Exaggerating China's Competitiveness

IHT August 30



HONG KONG Half the world seems in thrall to China's economic achievements. Taiwan is moving to liberalize cross-straits trade and investment. Singapore recently announced a new economic strategy, with Prime Minister Goh Chok Tong proclaiming that "our biggest challenge is ... to secure a niche for ourselves as China swamps the world with her high-quality but cheaper products." The journal of Anglo-American glib solutions, The Economist, advises the likes of South Korea to concentrate on product design and leave manufacturing of everything from steel to chips to a more competitive China.

This is music to the ears of Beijing, which knows that good publicity is self-reinforcing by attracting new foreign investment. But China is more aware than outsiders of its own weaknesses. Foreign assumptions need closer analysis.

That China's exports so far this year have been modestly positive while those of South Korea, Taiwan, Singapore etc. have slumped is at least as much due to the composition of its exports as to added competitiveness. Information technology and telecoms form a relatively small part of its exports. China has performed only marginally better than Southeast Asian countries such as Thailand, or even Indonesia, that have limited exposure to these sectors.

In the lead-up to entry into the World Trade Organization, China has been continuing to attract foreign investment in manufacturing while investment in Southeast Asia is still recovering from the regional crisis, so China's export performance is not extraordinary.

Taiwan's immediate problems stem largely from the sheer size of its IT sector, which was the basis of its remarkable performance in the previous five years. It is a moot point whether opening to China will enhance the prosperity of Taiwan. What is clear is that Taiwan firms own a lot of the technology and manufacturing know-how in their exports, whether these are made in Taiwan or in their mainland factories.

That underlines a major problem for both China and Singapore: Their manufactured exports rely so heavily on foreign investment that they are particularly vulnerable to a shift in its flow or direction. Critics of the government argue that Singapore's current problem is not so much China as its past success in attracting foreign manufacturing with incentives but disadvantaging local entrepreneurship and services.

The world now has a large surplus of capacity in a wide range of industries, IT-related in particular, and profits for global players are in a slump. This bodes ill for future foreign investment into export-related ventures, in China and elsewhere. Some low-tech manufacturing will continue to move to China from Japan and other advanced countries, but this will mainly be because of cheap labor, not rapidly rising skills.

High-tech joint venture investments in China in globally oversupplied sectors like chip foundries are going ahead partly because of government seed money, large tax concessions and implied promises of protection. In the case of Taiwanese companies, they are also driven by politics, as Beijing offers a carrot instead of a stick to its would-be compatriots.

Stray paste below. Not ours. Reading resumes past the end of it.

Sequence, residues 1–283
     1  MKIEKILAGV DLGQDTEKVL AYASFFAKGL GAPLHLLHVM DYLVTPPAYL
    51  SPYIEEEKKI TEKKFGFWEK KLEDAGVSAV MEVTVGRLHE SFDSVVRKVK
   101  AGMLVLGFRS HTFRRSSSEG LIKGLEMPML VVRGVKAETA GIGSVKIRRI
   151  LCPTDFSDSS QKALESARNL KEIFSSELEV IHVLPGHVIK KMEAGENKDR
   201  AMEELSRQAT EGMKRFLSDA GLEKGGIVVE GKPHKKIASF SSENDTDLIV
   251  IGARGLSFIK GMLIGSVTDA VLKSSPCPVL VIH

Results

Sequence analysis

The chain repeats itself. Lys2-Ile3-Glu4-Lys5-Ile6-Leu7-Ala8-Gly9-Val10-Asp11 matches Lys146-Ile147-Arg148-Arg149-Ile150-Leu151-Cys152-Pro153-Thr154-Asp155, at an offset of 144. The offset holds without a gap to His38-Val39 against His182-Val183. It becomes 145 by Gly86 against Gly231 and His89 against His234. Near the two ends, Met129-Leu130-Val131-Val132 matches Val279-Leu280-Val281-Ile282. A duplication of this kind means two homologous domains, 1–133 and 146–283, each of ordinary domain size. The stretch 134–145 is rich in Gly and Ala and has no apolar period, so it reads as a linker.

China has assembled a critical mass of IT engineering talent, particularly around Shanghai, which has become a magnet for Taiwan investors and a competition threat to equivalent industries in Singapore. But almost all the higher-tech Chinese output depends on Taiwanese and other foreign know-how, and on tax breaks.

More broadly, China has critical shortages of engineering and management skills. The government is acutely conscious of how ill-prepared much manufacturing industry is to face the challenges of the WTO. If the mainland's domestic producers were not so well protected, Japanese and Korean cars, steel and consumer electronics would soon debunk "competitiveness."

Outside the coastal area, transport costs make a huge dent in China's competitiveness. Political pressure to invest more in interior provinces is likely to grow. Foreign interest in investing in China is being generated by the lure of an expanding and protected local market rather than by belief in the efficiency of the work force and commercial infrastructure. It has been much less profitable than similar investment in Southeast Asia.

China's steady economic performance at a time when much of the rest of the world is facing much slower growth, if not outright contraction, is more due to its size than to its competitive strength. India is in much the same state, albeit at a lower level. .

China's priorities will remain those of a continental economy even as it increases its weight in the global economy. Its achievements in restructuring and attracting foreign capital have enabled domestic growth to flourish, but export competitiveness remains concentrated in labor-intensive products of foreign-owned factories.

Singapore, Taiwan, Malaysia etc. have lessons to learn from the current downturn. Those include the danger of excessive reliance on Western investment and consumers, or Japan-style failure to clean up the financial sector and submit domestic enterprises to competition. China's perceived success may provide an occasion for changes in policies elsewhere in Asia. But exaggerating the challenge of China could become an excuse for failing to address domestic constraints to growth.



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